The number one reason why most start-ups fail, in my view, is their inability to execute. Start-ups need to remain focused, lean, flexible, and need to stop being stubborn on offering terms and finding strategic partners as investors – not just investors who want to make money. I have seen so many fail by constantly changing their pitch, their strategy, hiring too quickly, not going after the right investor pool… the list goes on and on. There needs to be a goal, a strategy, and a team able to execute on that.

Can you share your thinking on how to identify a company as a great opportunity?

This is a difficult question, especially in the cannabis space where valuations tend to be quite high, no pun intended. I believe that there are two components to a great deal:

  1. Who the people are that are involved? What is their pedigree? Who have they surrounded themselves with?
  2. What is the valuation and does it make sense – I want to see companies that can scale – quickly and efficiently. SCALE is key for me as an investor.

When a company is dealing with internal issues due to disagreements between multi-partners, what role and procedures do you play to save your investment?

I personally like to “make the peace.” My typical strategy would be to speak to the various partners individually and then come up with a game plan in having a group meeting. I see too many investors throw fuel into the fire. I tend to have the opposite approach and make people see that owning a % of something great is ALWAYS better than owning a % of nothing.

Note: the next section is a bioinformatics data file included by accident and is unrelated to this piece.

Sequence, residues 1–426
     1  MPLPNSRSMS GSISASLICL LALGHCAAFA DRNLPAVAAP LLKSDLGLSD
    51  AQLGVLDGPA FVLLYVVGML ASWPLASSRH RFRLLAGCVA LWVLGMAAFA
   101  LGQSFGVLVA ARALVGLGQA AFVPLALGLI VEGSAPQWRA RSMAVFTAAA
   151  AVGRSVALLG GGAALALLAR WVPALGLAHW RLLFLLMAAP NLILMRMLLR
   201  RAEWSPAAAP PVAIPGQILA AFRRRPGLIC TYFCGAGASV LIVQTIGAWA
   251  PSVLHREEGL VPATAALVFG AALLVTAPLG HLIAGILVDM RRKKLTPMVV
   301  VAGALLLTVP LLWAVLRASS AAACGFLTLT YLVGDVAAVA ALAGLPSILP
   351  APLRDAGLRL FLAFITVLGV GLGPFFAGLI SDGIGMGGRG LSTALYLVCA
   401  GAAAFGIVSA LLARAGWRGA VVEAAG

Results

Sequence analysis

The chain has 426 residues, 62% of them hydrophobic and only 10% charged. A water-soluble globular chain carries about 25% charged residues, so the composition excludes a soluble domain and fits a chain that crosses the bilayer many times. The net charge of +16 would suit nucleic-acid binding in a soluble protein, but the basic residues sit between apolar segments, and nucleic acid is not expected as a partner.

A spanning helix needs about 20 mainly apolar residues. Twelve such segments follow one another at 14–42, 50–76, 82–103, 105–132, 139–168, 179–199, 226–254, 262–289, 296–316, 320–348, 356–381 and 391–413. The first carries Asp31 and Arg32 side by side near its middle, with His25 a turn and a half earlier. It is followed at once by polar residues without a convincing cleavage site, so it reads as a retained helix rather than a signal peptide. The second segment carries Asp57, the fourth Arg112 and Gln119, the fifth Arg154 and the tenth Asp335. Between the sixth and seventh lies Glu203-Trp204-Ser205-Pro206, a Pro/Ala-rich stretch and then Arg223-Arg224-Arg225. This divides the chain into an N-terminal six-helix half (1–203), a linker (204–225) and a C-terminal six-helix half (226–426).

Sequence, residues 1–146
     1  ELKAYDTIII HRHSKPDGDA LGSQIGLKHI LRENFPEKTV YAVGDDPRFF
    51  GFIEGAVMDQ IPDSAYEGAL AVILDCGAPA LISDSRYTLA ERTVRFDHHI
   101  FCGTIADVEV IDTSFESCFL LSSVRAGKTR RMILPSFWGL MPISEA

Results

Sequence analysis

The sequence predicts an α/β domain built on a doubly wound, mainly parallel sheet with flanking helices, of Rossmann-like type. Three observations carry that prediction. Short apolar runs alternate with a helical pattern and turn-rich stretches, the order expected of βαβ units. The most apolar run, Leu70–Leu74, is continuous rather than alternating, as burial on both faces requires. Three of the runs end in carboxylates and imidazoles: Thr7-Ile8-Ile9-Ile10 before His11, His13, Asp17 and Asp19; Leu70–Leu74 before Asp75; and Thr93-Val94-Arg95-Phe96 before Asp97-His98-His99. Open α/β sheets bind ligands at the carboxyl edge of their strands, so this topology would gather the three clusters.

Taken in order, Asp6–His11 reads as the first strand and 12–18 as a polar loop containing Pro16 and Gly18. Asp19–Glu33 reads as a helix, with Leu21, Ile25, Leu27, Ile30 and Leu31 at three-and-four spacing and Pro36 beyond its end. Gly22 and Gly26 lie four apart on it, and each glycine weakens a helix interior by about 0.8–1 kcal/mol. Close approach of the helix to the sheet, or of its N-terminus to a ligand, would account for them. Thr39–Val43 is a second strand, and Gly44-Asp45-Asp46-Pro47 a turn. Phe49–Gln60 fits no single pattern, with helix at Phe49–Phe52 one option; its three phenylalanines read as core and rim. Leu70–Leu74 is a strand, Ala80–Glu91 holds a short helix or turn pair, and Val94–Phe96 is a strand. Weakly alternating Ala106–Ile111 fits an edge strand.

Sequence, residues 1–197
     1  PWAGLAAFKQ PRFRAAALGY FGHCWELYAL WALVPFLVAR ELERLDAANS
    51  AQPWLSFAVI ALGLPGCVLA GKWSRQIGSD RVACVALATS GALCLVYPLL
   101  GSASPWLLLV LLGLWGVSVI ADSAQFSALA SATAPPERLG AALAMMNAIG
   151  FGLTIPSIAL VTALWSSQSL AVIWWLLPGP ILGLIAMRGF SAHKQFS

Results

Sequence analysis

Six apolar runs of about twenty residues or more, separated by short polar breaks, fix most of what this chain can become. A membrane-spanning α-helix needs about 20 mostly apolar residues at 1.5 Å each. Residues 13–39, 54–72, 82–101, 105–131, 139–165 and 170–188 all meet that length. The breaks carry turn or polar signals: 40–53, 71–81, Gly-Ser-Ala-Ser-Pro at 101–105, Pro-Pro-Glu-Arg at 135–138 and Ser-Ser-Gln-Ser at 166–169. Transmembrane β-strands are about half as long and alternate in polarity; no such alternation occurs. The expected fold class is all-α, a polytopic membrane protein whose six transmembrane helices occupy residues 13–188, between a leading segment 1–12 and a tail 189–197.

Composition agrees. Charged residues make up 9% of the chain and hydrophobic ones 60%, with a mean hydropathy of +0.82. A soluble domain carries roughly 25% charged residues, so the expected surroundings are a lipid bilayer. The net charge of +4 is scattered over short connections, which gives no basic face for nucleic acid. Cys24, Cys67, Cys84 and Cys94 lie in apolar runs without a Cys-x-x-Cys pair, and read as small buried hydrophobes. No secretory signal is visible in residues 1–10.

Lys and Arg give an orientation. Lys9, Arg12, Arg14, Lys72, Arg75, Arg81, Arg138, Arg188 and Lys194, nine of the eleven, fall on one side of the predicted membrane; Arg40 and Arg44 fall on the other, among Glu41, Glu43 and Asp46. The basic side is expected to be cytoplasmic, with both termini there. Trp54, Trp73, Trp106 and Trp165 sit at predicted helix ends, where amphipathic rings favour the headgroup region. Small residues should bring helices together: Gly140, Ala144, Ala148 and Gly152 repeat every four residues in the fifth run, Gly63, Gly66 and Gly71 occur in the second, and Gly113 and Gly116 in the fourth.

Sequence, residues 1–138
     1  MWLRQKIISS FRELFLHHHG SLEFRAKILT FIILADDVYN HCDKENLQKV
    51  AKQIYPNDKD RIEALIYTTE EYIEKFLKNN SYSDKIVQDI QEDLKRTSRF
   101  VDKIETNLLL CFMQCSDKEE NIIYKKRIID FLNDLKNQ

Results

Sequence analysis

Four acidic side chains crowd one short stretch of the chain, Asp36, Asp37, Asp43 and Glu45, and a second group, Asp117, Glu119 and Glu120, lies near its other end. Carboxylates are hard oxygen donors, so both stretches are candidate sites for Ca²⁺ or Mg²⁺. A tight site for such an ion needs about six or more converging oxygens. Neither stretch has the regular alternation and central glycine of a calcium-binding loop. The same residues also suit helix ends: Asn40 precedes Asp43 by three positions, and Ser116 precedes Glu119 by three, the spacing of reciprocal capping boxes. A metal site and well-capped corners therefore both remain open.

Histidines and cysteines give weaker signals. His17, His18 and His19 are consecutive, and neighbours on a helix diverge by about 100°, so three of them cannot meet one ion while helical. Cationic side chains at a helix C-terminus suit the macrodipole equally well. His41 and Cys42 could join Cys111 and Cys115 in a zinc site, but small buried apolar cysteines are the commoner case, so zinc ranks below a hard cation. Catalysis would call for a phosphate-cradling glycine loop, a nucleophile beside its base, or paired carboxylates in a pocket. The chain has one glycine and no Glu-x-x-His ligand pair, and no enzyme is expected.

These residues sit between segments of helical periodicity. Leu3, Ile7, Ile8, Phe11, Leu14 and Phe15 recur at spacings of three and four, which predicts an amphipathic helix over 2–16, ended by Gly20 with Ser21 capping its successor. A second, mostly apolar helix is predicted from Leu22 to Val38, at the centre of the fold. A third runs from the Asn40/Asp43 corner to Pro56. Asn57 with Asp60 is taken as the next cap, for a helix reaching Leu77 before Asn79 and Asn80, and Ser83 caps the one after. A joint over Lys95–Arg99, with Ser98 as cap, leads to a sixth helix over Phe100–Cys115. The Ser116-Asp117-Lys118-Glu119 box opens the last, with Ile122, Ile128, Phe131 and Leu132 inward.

How do you build a sustainable competitive edge?

It isn’t easy, especially with two young children. I believe that it is critical to have people around you that are knowledgeable, trustworthy, and give honest opinions. You are only as good as the people you surround yourself with. In the cannabis space I have surrounded myself with some of who I believe to be the best of the best.

In the cannabis space I have surrounded myself with some of who I believe to be the best of the best.

As an investor, what are some of the key things you wish cannabis entrepreneurs knew?

You aren’t worth as much as you think you are and if you aren’t lenient on terms, you will not get the right strategic partners as investors. It is critical to form partnerships in this industry. We are all in this for the long haul and we all need each other as colleagues, mentors, and yes, even friends.

What needs to happen in order to create a billion-dollar company in the cannabis industry?

A true billion-dollar company in this industry, right now, is going to be hard to recognize. Due to varying state laws, banking regulations, federal law, etcetera, it is going to have to be a company that has the resources to scale quickly using branding, licensing, and IP from state to state.

How do you decide between shutting down, keep funding, or selling your start-up?

The writing is usually on the wall. You have to look at the cash bleed and what the investor base is telling you. This is where strategic partners are so helpful. To keep funding a business that is failing is such an enormous mistake and too many entrepreneurs drink their own Kool-Aid and do so. Having the right partners in place, the right metrics, and knowing when to “stop out” is crucial.